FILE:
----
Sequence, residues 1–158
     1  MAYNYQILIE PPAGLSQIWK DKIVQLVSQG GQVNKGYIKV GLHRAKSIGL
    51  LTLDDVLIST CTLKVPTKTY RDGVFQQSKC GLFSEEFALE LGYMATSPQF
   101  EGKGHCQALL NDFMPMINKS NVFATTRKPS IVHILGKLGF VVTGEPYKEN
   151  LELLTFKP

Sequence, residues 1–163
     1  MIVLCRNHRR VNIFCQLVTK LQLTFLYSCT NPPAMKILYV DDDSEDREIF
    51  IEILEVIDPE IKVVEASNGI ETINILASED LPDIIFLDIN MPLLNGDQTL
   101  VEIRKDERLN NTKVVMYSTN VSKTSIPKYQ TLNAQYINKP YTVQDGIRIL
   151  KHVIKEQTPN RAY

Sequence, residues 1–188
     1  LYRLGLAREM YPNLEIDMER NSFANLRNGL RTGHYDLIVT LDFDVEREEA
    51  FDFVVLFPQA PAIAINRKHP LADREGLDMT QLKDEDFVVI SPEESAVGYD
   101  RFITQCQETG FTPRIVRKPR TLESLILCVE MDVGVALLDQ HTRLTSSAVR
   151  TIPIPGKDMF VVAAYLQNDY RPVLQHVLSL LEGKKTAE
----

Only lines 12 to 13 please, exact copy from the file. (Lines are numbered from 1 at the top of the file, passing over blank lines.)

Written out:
     1  LYRLGLAREM YPNLEIDMER NSFANLRNGL RTGHYDLIVT LDFDVEREEA
    51  FDFVVLFPQA PAIAINRKHP LADREGLDMT QLKDEDFVVI SPEESAVGYD